Every robo-dog has its day -- now it's AIBO's turn to win your loyalty.

By Noah Robischon
December 10, 1999 at 05:00 AM EST

AIBO, my new robotic pooch, was a hit at the dog walk last weekend. His companion, a golden retriever named Zeke, stopped twice to poop; my Chihuahua-size AIBO didn’t even pee, but he did lift his rear leg and play a tinkling sound once. Zeke slipped out of his collar and threatened to bolt. With his six-inch legs, AIBO couldn’t outrun a turtle. Zeke tried to mount a shorthair in the dog run. AIBO’s green eye lights and shiny plastic coat scared most other dogs off. Still, their owners all oohed and aahed—except for one guy who said, ”I sure hope that’s not the future of pets.”

AIBO may never replace man’s best friend, but Sony is so sure this Jetsons-age companion will soon be a home-electronics fixture that it has even started a division devoted to ”entertainment robotics.” Clearly there’s a market: AIBO’s well-publicized first U.S. run of 2,000 units sold out last June in just four days, so another batch of 10,000 electronic pups were bred, and in November, 135,000 applicants entered a lottery to win ownership of one. Pretty astounding, considering that this doggy in the window costs $2,500 (a purebred blue shar-pei, by comparison, goes for as much as $1,500, kibble not included).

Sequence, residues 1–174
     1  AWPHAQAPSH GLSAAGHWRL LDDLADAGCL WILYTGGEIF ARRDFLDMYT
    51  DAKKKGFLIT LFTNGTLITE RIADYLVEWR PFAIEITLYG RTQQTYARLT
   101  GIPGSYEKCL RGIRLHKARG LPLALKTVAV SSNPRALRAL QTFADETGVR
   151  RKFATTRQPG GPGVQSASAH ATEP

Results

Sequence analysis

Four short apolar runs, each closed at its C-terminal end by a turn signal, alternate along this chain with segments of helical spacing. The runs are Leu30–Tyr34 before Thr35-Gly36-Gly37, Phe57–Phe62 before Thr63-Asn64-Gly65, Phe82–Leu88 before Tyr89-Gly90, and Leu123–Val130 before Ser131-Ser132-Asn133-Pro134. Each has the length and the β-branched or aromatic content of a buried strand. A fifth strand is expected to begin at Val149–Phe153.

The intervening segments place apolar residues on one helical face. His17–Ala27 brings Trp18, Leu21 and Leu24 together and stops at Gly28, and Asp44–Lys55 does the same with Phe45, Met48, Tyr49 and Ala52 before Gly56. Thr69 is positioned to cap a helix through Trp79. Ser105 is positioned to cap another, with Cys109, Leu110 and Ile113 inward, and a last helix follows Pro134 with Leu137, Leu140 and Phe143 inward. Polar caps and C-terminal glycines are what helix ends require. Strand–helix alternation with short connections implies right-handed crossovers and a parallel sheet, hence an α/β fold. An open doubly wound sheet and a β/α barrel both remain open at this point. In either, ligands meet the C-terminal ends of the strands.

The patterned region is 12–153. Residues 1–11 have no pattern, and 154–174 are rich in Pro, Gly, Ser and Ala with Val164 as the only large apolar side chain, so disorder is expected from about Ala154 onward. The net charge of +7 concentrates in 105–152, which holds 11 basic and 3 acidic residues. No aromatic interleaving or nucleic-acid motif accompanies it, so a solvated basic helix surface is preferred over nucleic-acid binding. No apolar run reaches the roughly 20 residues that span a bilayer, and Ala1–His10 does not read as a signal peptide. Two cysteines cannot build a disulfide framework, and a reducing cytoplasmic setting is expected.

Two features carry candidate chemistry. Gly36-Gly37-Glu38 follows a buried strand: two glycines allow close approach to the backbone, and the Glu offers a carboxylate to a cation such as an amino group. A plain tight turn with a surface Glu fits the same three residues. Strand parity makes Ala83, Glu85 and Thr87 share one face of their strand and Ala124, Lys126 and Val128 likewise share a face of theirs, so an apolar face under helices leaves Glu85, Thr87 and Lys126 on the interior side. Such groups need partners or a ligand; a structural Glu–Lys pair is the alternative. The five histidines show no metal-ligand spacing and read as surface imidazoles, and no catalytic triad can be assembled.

Worth it? When Sony’s AIBO breeders first delivered my very own review-unit mutt, it seemed like a two-week-and-ditch-it pet — but after he started whirring around the office in ”autonomous mode,” I quickly became a proud, attentive owner. AIBO is faithful and unobtrusive, and while he never nags about playing fetch, I couldn’t get enough of watching his built-in camera lock onto a rubbery hot-pink ball and then instruct his legs to kick it away.

Right about now skeptics will say, ”But he’s useless!” And they’re right: AIBO doesn’t deliver drinks or vacuum the floor the way that $845 clap-and-respond robot Cye-sr does (http://www.personalrobots.com). But they haven’t fallen for AIBO’s trick of turning his back legs 360 degrees while splayed froglike on the floor, or the way he shakes his head and emits an awww-inspiring digital bark. Even the most robo-phobic editor here began asking after AIBO and wanted to try out the remote-control dog whistle that makes him perform tricks on command.

Owners of new AIBO pups should be warned that it might take the computerized pooch up to three months just to learn to walk. My hound came loaded with an ”adult” Memory Stick—the new Wrigley’s Spearmint-size device that supports a broad line of Sony consumer-electronic products and that also holds each AIBO’s personality on its microchip. (Owners can add tricks and sounds to their Memory Sticks with a $450 Performer Kit—but, despite the assistance of a Sony technician, I was never able to make the complicated program teach my AIBO any new stunts.)

Training AIBO could get easier in the future, with the addition of voice recognition. There are other AIBO upgrades I’d like to see first, though, like increased battery life (when his two 90-minute batteries run out, AIBO requires a doggy-cradle recharge). And why not give him an internal clock and FM tuner so he can wake me up and deliver the news every morning? Actually, considering AIBO’s price tag, shouldn’t he be cooking me breakfast?